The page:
Election Twitter: Nice try, but…

by Mathew on September 26, 2008 · 12 comments

People have been talking for some time now about things that Twitter could be doing to add value to the service (apart from just managing to keep the servers up for more than a day or two at a time, which they appear to have accomplished), including mini-hubs about topics that are of intense interest among the Twitterati. The newly-launched U.S. election site is just such a beast, and while it’s a nice effort, there is so much that Twitter could — and should — be doing with it that it’s almost more of an advertisement for what they aren’t doing than for what they are.

The page’s main feature is a scrolling view of Twitter posts that include the names of the candidates, updated more or less in real time. At first, it’s very cool — much like Digg Spy, which shows you things that are being dugg. But it eventually becomes almost hypnotic, to the point where you lose track of what the actual messages are saying. You can pause the scrolling by moving your mouse over the feed, which wasn’t clear until someone pointed it out (on Twitter, of course) and you can click one of the keywords at the top of the page to see a subset of messages with that word, and you can filter the messages by candidate. But that’s about it.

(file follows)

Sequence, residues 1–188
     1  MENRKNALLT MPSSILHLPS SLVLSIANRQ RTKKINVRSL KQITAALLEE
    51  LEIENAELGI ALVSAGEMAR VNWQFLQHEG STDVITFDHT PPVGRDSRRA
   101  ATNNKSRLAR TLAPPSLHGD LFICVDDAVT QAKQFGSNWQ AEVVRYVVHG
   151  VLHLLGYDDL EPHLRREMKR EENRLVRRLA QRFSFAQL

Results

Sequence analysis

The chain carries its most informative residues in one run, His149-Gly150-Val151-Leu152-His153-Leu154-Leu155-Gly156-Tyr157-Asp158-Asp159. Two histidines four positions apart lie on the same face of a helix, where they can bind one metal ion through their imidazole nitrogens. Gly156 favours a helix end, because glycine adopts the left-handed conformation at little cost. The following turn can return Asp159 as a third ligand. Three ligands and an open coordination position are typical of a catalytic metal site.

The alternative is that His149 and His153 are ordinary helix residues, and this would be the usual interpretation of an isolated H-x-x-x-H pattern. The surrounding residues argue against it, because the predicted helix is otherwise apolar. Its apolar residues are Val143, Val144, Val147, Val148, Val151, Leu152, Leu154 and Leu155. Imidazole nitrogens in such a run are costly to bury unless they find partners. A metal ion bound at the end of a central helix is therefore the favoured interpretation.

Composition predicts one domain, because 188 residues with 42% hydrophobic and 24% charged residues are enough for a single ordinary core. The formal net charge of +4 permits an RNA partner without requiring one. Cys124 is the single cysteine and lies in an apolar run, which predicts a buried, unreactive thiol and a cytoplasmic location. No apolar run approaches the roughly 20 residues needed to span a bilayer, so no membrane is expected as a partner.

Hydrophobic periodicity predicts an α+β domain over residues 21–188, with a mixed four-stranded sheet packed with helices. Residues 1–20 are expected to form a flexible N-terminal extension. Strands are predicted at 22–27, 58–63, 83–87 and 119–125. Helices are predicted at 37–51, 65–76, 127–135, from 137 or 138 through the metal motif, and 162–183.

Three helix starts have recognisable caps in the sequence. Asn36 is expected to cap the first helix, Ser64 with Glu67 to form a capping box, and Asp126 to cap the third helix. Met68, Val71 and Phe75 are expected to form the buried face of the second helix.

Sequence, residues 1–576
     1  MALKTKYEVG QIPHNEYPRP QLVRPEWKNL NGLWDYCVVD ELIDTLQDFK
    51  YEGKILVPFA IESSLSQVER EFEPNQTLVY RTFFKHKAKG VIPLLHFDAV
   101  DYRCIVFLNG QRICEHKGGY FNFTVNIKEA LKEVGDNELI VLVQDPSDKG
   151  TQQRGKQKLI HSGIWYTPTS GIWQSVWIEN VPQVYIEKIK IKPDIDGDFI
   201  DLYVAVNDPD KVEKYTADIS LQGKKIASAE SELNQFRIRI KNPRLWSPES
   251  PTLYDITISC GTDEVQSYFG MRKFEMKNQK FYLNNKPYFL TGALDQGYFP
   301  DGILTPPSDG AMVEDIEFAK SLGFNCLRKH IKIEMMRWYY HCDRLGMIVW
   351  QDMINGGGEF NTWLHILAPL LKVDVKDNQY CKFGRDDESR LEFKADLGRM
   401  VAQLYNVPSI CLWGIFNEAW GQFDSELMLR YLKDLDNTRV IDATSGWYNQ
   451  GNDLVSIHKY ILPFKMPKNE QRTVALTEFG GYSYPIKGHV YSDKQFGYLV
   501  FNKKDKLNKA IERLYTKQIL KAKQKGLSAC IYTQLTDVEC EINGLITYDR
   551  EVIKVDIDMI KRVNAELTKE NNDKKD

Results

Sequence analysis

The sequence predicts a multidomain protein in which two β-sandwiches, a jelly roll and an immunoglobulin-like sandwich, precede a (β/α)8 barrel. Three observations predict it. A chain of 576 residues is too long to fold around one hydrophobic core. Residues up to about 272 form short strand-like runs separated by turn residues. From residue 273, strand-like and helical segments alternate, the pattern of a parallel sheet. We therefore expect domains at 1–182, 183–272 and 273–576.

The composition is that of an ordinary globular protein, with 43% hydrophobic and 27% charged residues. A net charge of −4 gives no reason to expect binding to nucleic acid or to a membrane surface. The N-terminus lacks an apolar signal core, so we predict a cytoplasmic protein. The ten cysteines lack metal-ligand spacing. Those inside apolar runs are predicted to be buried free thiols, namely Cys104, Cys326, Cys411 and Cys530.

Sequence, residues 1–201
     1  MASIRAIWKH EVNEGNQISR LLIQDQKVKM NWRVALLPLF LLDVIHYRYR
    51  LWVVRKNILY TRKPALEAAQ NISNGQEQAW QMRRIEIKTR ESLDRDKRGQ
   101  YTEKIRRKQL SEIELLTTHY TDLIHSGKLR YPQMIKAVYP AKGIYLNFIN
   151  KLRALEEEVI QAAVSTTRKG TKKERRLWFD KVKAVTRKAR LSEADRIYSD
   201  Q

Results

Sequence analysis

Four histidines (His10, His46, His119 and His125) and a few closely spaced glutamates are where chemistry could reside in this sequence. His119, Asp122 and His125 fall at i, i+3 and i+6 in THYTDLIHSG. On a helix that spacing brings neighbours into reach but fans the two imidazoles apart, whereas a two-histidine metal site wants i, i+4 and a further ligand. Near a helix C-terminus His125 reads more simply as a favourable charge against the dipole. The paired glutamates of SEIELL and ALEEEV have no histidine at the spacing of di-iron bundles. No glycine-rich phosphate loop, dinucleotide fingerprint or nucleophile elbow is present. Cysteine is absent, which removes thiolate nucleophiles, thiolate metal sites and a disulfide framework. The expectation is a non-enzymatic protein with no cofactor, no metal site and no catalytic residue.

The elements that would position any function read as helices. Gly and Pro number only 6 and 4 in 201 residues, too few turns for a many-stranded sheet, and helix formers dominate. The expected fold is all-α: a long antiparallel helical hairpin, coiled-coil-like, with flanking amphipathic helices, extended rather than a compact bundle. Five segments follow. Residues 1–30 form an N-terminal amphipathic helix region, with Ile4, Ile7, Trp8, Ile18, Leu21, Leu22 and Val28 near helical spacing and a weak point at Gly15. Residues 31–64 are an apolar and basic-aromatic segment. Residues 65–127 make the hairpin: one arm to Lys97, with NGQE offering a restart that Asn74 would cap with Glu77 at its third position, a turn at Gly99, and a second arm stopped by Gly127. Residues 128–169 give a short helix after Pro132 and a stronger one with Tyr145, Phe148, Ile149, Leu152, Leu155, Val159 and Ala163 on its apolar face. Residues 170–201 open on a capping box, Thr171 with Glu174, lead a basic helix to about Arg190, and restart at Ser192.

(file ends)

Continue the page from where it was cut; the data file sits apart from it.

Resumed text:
I was hoping for some added intelligence or filtering. What about some trend graphs that show the rise or fall of certain keywords over time? What about a table or a tag cloud showing the most-used keywords for each candidate — like McCain and old, or Palin and dumb, or something like that? I guess we’re just supposed to be amazed that Twitter can produce a scrolling list of messages with certain keywords. The only problem with that, of course, is that others such as Twistori have been doing something similar for months now (and now the site has also launched this).

Twitter founder Biz Stone even mentions some other tools that are far more interesting in his launch post, including Politweets and Perspectv. I’m with Josh Catone at Sitepoint, who says that “it feels like Twitter took the easy way out, when they could have done something really special.” (maybe something like this)

Loading Comments…
more
Allowed HTML tags and attributes: <a href="" title=""> <blockquote> <code> <em> <strong>

Older post:

Newer post: